In Mariupol, the Russian troops have completely levelled the city and just leave a small pocket of Ukrainian resistance at Azovstal.

Since Russians have completely encircled the steel mill and the fighters holed up in the place can't go in and out at will, there isn't much that the fighters at Azovstal can do to disrupt the Russia's goal there (ie: they can't stop Russians from "liberating" the rest of the Ukraine). So is there any point -- besides symbolic ones-- in storming the steel mill and completely routing the fighters there?

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    This is the politics forum, so the symbolic advantages are actually the ones that are on-topic. Restricting a question to only military advantages is probably off-topic. Commented May 11, 2022 at 11:26

3 Answers 3


Of course there are:

  • It frees the Russian soldiers currently guarding Azovstal to do other things (like deploy in another part of Ukraine).
  • It removes the threat of the fighters in Azovstal. These fighters might be surrounded, but they're not powerless. They can, for example, break out.
  • Propaganda value: Russia has had precious few victories in the war. Winning in Mariupol would be one.
  • It would eliminate the Azov battalion. I'll quote from the lede why Russia might want to do this:

In the wake of the 2022 Russian invasion of Ukraine, the battalion gained renewed attention for its use by Russia in justifying the invasion and during the Siege of Mariupol for its role in the defense of the city...The battalion drew controversy over allegations of torture and war crimes, as well as association with neo-Nazi ideology. Azov uses controversial symbols, including the Wolfsangel insignia used by divisions of the Waffen-SS and Wehrmacht during World War II.

In March 2015, Andriy Diachenko, a spokesman for the Azov Brigade, told USA Today that 10% to 20% of the group's members are Nazis. A provision in the Consolidated Appropriations Act, 2018, passed by the United States Congress, blocked military aid to Azov due to its white supremacist ideology; in 2015, a similar ban had been overturned by Congress.


If you look at the map, you will see that road M14 goes closely to Azovstal Combinat. This road is very important for transport between Crimea and Russia. While there are Ukrainian forces in Azovstal, they are a threat to all that go through that road.

As for other connections - bridge and railway. Russia is performing military actions in the south of Ukraine and needs a lot of transport there. Going through Kerch is not viable, it would be an enormous detour. As for sending military transport through rail:

  1. Road transport is much more flexible than rail, especially during war - you have one vehicle that goes directly to destination. In case of rail - you need one truck to go to train, then train takes it somewhere, later another truck takes it to destination.
  2. As you can see on the map, trains from Crimea need to go through controlled by Ukrainians Zaporizhzhia
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    I would welcome information about why mainland access to Crimea from Russia is important, given that there is a rail and road bridge already in place. Commented May 9, 2022 at 15:49
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    @reallydismayed, a bridge is rather fragile. A single well-placed bomb could cut Crimea off from Russia.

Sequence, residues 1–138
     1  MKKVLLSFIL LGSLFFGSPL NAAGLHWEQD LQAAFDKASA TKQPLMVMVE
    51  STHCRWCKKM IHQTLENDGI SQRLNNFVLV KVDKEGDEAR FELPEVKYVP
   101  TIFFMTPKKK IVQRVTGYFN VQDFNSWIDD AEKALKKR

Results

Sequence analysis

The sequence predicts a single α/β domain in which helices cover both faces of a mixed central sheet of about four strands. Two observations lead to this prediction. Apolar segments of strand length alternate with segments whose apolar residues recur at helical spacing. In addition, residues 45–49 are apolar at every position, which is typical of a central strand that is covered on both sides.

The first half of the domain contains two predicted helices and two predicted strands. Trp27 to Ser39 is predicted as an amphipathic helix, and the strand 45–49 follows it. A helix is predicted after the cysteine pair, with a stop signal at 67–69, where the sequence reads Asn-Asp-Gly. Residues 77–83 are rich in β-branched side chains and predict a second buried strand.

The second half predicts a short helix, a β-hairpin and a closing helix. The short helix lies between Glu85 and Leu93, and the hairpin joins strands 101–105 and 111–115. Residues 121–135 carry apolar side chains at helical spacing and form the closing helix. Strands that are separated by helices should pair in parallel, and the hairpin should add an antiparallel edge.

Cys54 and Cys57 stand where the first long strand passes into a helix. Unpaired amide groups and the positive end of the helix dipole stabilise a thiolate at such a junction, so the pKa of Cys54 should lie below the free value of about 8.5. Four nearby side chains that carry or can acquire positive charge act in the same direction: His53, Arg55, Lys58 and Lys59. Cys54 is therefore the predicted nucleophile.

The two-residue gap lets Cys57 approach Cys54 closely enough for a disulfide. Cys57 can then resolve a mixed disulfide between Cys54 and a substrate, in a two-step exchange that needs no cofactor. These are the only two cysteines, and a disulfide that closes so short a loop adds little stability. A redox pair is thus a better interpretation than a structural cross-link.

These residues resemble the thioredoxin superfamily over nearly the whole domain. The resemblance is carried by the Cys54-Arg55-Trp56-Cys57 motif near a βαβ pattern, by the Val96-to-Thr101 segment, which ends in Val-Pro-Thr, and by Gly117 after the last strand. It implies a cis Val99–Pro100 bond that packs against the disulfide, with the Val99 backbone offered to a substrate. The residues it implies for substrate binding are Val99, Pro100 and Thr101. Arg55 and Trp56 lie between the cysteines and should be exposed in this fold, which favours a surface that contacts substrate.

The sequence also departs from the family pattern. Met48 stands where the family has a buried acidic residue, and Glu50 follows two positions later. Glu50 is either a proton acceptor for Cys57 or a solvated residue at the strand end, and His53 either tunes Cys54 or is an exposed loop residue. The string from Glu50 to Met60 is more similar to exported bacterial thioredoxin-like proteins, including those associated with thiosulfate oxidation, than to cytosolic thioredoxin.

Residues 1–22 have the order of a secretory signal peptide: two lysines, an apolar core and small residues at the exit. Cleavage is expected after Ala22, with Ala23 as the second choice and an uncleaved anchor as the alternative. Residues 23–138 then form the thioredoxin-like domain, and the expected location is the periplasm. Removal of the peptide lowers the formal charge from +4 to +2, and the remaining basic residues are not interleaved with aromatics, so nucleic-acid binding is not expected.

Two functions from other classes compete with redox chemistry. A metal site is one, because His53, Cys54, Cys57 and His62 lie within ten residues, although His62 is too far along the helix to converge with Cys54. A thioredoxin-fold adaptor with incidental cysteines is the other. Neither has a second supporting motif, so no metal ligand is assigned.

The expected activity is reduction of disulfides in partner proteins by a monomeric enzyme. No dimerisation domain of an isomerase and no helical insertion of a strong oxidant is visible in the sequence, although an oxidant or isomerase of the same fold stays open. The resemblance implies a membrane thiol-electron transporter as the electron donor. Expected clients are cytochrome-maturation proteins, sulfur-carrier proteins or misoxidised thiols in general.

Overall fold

– Mark
    Commented May 9, 2022 at 23:02
  • The second point is not correct, if you use detailed source such as openrailwaymap.org, there's a rail line which runs from Melitopol towards Donetsk.
    – alamar
    Commented May 10, 2022 at 12:49
  • @alamar I'm not good at interpreting this map. How is the part between Велико-Анадоль and Оленівка? Looks like disused track. Is it in good shape? And later the rail goes near Donieck. According to my maps there are Ukrainian forces north and west of Donieck. Is the rail out of reach of artillery, planes and drones? Commented May 10, 2022 at 14:02
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    @alamar In long term Azovstal resistance will run out of food and water, unless Mariupol gets recaptured, which seems unlikely now. The point of question, as I understand it, is if there is a reason for continuing assaults instead of waiting. Commented May 11, 2022 at 10:08

That depends.

I am sure there will be a lot of comments pointing to Azov's history, paraphernalia, alleged statements, etc., to support Russia's claim.

I am going to remain neutral on that claim in this answer though in order to answer the actual question as it has been asked

Is there any value for Russians in completely eliminating the Ukrainian resistance at Azovstal, Mariupol?

There is little reason to do if the Azov Regiment (successor to Azov Battalion ) is, in fact, a neo-Nazi organization, as the Russian Federation claims. If Azov members indeed do hold neo-Nazi views, the best way to expose them would be to arrest them and to conduct interviews with them after enough time has passed that the passions of their convictions have diminished.

This was commonly done with former SS and Warmacht officers arrested during WWII. And it gave great insight into how the Nazi Germany became a Nazi regime.

If, however, Azov being a "nazi" organization is a ruse used by the Russian Federation as a yet-another excuse for its unprovoked war of aggression against Ukraine, then the Russian Federation would greatly benefit from killing them all.

If they can't be interviewed and they can't show who they are to anyone, not even to any professional psychologists or interrogators, then Russia can attribute any views or opinions to them. All it has to do is manufacture some pictures or other "signature unclear" type evidence.


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